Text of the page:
Before the shiplap ceiling beams and patterned draperies went up, however, the pair had to consider how to wisely utilize coverage of a tight lot. “We needed to look at this in a nontraditional way, and the relationship of the surrounding homes and the lot’s uniqueness made me think about having a courtyard,” architect Dennis Rainho says of his idea to center the structure around an outdoor area. “The courtyard, connected to all common living spaces, makes this work.” He surrounded the courtyard with French doors and tall windows rather than walls, granting visual access from places such as the entry hall and bringing in natural light—as well as views of plantings by landscape architect Steve Parker. “It feels like a gallery when you walk in,” Rainho says, “and that sets the mood for the entire house: special, cozy and inviting.”
Inside, living areas are grounded with a soothing palette of white walls and marble flooring as a cohesive backdrop for the couple’s love of tropical colors, particularly blues and greens. The hues appear throughout in patterns and prints on furnishings and decor, starting with aqua draperies in the entry hall, where personal touches are also on full display. Hebert organized a gallery wall of family photos—which she calls their “memory station”—and hung a Gray Malin print of their favorite beach on Harbour Island in the Bahamas, where the couple frequently escapes to.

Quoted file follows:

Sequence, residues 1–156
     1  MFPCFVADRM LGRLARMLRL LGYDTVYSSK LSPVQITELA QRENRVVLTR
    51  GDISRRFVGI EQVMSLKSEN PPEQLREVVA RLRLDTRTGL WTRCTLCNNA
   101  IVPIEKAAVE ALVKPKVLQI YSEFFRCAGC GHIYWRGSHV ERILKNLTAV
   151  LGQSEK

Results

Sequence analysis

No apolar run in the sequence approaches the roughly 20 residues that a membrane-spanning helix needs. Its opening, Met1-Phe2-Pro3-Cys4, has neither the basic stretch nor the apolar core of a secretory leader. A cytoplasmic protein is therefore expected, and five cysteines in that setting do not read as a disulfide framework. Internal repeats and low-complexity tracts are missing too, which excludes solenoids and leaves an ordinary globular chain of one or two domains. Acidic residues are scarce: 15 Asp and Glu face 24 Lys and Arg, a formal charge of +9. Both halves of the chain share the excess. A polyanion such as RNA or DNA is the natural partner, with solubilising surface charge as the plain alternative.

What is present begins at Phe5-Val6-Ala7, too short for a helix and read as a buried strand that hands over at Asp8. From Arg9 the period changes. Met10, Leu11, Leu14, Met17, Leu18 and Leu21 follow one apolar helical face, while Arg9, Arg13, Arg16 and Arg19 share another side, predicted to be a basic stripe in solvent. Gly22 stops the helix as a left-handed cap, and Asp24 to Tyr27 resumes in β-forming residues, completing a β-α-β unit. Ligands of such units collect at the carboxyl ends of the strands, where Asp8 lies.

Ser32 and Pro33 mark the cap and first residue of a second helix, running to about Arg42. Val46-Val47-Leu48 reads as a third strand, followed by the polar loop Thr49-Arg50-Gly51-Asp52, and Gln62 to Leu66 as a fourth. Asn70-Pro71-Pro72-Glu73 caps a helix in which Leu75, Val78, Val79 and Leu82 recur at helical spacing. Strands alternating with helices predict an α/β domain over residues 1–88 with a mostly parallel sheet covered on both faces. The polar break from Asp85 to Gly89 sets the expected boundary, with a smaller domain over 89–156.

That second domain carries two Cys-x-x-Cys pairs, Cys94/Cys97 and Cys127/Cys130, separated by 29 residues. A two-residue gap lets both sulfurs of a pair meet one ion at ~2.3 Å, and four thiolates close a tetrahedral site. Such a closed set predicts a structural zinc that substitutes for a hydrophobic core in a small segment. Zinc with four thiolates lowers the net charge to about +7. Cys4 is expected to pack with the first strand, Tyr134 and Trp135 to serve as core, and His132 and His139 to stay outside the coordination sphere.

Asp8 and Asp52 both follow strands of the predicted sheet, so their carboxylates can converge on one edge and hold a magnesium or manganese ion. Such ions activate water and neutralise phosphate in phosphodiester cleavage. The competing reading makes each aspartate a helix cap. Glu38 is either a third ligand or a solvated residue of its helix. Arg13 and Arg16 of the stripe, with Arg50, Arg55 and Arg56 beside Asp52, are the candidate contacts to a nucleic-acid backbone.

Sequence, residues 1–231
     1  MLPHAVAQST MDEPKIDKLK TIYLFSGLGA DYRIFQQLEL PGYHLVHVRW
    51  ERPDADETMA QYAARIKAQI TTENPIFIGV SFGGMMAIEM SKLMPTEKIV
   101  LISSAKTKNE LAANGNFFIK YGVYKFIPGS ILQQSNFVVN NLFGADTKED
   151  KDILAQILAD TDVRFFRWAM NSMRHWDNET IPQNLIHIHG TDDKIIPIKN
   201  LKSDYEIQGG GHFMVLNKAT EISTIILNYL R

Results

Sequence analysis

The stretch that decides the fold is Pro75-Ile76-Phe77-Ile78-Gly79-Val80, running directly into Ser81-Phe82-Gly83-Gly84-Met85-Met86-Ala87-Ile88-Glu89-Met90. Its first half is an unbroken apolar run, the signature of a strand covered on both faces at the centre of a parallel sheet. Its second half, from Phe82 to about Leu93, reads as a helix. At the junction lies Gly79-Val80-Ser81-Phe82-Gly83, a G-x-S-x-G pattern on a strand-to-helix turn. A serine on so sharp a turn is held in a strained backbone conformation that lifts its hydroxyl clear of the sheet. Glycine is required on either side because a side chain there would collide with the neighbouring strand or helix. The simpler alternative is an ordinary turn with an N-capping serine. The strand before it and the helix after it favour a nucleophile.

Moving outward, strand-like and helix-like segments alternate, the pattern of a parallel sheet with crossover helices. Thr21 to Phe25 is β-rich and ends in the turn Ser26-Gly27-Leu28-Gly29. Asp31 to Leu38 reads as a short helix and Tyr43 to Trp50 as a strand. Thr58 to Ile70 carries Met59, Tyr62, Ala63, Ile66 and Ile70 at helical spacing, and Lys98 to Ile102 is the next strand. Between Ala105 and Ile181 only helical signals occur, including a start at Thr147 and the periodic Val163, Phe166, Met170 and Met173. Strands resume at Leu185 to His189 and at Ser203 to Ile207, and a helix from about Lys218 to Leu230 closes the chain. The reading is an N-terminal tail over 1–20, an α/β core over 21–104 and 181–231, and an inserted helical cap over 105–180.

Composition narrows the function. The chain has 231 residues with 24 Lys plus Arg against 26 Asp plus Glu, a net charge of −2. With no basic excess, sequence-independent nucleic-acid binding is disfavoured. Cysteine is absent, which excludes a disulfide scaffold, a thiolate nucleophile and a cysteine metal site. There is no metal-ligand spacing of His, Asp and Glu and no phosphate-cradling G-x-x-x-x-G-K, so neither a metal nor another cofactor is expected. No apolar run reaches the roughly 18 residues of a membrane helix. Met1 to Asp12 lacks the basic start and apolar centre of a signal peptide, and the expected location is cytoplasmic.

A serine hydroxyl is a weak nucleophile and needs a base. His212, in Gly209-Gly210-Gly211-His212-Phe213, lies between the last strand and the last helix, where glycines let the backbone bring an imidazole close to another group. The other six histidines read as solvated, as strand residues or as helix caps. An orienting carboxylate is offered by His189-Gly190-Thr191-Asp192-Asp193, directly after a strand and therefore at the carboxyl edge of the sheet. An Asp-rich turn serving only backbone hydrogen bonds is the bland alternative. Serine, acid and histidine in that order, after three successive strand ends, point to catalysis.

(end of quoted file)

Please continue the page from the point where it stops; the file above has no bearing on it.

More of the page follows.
The hall leads to the family area, connected to the combined dining space and white Shaker-style kitchen, which displays the designer’s heirloom dishware on open shelving. Pale blue backsplash tile, rattan dining chairs, a white-washed table and a navy runner evoke the beachy vibe the couple appreciates. “Most decisions were pretty easy for us, as Michael and I both like happy colors and simple design,” Hebert says.